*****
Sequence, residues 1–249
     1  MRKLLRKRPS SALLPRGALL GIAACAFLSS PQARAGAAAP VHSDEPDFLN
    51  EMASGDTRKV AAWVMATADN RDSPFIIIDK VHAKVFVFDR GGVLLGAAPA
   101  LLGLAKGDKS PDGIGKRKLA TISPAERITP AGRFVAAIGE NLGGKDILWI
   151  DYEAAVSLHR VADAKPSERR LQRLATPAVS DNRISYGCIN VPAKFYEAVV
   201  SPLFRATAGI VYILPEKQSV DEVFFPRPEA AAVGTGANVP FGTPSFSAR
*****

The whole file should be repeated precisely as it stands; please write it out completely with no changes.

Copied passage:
Sequence, residues 1–249
     1  MRKLLRKRPS SALLPRGALL GIAACAFLSS PQARAGAAAP VHSDEPDFLN
    51  EMASGDTRKV AAWVMATADN RDSPFIIIDK VHAKVFVFDR GGVLLGAAPA
   101  LLGLAKGDKS PDGIGKRKLA TISPAERITP AGRFVAAIGE NLGGKDILWI
   151  DYEAAVSLHR VADAKPSERR LQRLATPAVS DNRISYGCIN VPAKFYEAVV
   201  SPLFRATAGI VYILPEKQSV DEVFFPRPEA AAVGTGANVP FGTPSFSAR